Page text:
Elon Musk’s business empire has been built with government money. His spacecraft manufacturing and launching company, SpaceX, exists largely as a conduit for government contracts, having inked $15.3 billion worth of them since 2003, with another $1.2 billion reportedly in the works. Tesla, meanwhile, received a critical $465 million loan guarantee via the American Recovery and Reinvestment Act in 2010. The company has also dropped the price of its cars, very likely so that they can qualify for the tax breaks offered by the Inflation Reduction Act. Its extensive charging network—dominating the market in this country—will benefit from both the Bipartisan Infrastructure Act and the state-backed expansion of electric vehicles. And, like any other business, Tesla also depends on the public sector in more quotidian ways: the roads planned and paved by the government, for instance.
This week, Tesla finally admitted just how critical government services and workers are to its operations. It did so by suing the government of Sweden.
On Monday, Tesla’s Swedish subsidiary sued the country’s Transport Agency over the postal workers’ union’s refusal to deliver mail—including license plates—to Tesla facilities. Postal workers’ Tesla boycott is part of a solidarity action with Tesla mechanics in Sweden who’ve opted to join the metalworkers’ union, IF Metall. Tesla mechanics who’ve joined IF Metall began striking last month over the company’s long-standing refusal to negotiate the kind of collective bargaining agreement standard for companies that do business there. Sectoral standards for wages, time off, and pensions in Sweden are largely brokered through such agreements, which cover some 90 percent of workers.
Tesla has just about 130 employees in Sweden and does not produce cars there. Yet a growing number of unions have joined the effort to uphold the country’s muscular, hard-fought labor market norms against the U.S. manufacturer’s attempts to evade them. Many fear Tesla, if unchallenged, could set a worrying precedent for foreign firms similarly looking to skirt labor norms. Dockworkers, therefore, have refused to unload Teslas at Swedish ports. Painters have refused to paint Teslas at 53 car-painting companies throughout the country. Unionized employees of the Norwegian company Hydro’s Swedish subsidiary, which has a plant in Southern Sweden, have stopped making parts for Tesla products. On November 20, the postal workers joined in.
Tesla argues that Sweden’s Transport Agency—which makes license plates—has “a constitutional obligation to provide license plates to vehicle owners.” The government, according to Tesla, should allow Tesla to access the plates despite PostNord employees’ refusal to deliver them. The transport agency in turn argued that the plates could only be delivered via PostNord. On Monday, a district court in Norrköping sided with the company, issuing a temporary injunction to require that the agency find another means of getting the plates to Tesla within seven days while the case is being considered. A district court in Solda said on Tuesday that it will take up a separate case filed by Tesla against the postal service. While the court ordered PostNord to respond to Tesla within two weeks, it has denied Tesla’s request to immediately obtain license plates already in PostNord’s possession.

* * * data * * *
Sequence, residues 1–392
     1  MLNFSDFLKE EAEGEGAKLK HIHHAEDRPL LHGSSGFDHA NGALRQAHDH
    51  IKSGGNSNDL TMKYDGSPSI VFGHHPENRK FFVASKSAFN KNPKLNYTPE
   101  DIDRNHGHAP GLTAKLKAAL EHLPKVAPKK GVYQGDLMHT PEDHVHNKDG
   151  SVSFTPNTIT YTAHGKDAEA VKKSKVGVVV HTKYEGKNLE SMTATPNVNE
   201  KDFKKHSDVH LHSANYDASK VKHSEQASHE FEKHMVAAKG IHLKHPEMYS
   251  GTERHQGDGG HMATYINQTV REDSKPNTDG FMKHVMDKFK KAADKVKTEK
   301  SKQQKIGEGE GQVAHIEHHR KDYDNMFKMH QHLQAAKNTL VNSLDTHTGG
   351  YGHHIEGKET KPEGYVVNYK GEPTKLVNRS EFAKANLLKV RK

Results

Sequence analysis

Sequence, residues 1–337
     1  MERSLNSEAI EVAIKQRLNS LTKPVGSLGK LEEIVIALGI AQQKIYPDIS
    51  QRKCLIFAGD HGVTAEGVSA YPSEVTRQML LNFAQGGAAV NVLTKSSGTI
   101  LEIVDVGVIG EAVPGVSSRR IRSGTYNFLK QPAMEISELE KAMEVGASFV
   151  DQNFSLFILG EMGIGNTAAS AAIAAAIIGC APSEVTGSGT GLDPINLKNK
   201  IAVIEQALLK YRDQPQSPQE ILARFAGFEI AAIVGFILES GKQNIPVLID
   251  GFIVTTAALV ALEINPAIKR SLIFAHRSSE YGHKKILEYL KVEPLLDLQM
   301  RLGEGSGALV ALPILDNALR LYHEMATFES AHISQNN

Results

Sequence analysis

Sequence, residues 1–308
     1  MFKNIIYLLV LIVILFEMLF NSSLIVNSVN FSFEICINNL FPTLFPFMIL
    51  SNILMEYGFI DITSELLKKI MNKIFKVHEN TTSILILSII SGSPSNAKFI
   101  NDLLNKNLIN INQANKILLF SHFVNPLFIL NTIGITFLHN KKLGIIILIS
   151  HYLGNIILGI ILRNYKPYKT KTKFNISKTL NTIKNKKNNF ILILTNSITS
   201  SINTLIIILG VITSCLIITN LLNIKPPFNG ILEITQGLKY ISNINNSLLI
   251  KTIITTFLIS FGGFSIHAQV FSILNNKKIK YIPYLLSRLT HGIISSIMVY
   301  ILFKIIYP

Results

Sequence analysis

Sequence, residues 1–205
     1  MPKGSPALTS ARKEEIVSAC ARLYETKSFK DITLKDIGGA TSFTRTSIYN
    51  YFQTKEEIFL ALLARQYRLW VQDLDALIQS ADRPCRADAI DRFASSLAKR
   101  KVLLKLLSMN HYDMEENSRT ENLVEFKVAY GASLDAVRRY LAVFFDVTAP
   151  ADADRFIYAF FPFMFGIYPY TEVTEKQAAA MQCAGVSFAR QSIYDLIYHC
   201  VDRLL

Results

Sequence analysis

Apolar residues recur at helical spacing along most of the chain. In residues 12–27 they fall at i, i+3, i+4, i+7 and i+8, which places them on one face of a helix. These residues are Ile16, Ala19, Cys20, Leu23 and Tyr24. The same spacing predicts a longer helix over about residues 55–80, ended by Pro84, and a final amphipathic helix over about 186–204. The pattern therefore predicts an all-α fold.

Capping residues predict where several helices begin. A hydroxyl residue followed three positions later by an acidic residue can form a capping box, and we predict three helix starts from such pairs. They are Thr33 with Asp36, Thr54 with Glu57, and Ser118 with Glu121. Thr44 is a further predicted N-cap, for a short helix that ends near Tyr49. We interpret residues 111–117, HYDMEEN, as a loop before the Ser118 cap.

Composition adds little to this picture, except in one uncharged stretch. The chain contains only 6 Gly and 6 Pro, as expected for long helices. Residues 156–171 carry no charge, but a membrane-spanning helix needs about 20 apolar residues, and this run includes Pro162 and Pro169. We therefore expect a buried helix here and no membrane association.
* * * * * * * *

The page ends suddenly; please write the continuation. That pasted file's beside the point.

Elon Musk would like to have his cake and eat it too: To benefit from state largesse and ignore how those states tend to operate. In the U.S., he’s more or less gotten a free pass to do that: While the White House has condemned Musk’s embrace of antisemitic conspiracy theories, SpaceX still receives lucrative defense contracts. Tesla has taken for granted the ability to find cheap, nonunion workers to build its cars. Swedish unions likely won’t be the last ones to challenge that: German workers at Tesla’s Gigafactory outside Berlin have been joining IG Metall, the powerful union representing that country’s auto sector. (IG Metall and IF Metall are separate unions.) In the U.S, the United Auto Workers has set its sights on Tesla plants on the heels of its successful strike against the Big Three traditional automakers. So-called “secondary strikes” of the sort happening in Sweden now are illegal in the U.S. At home and abroad, though, Elon Musk is learning that he can’t keep taking the work that keeps his companies going for granted.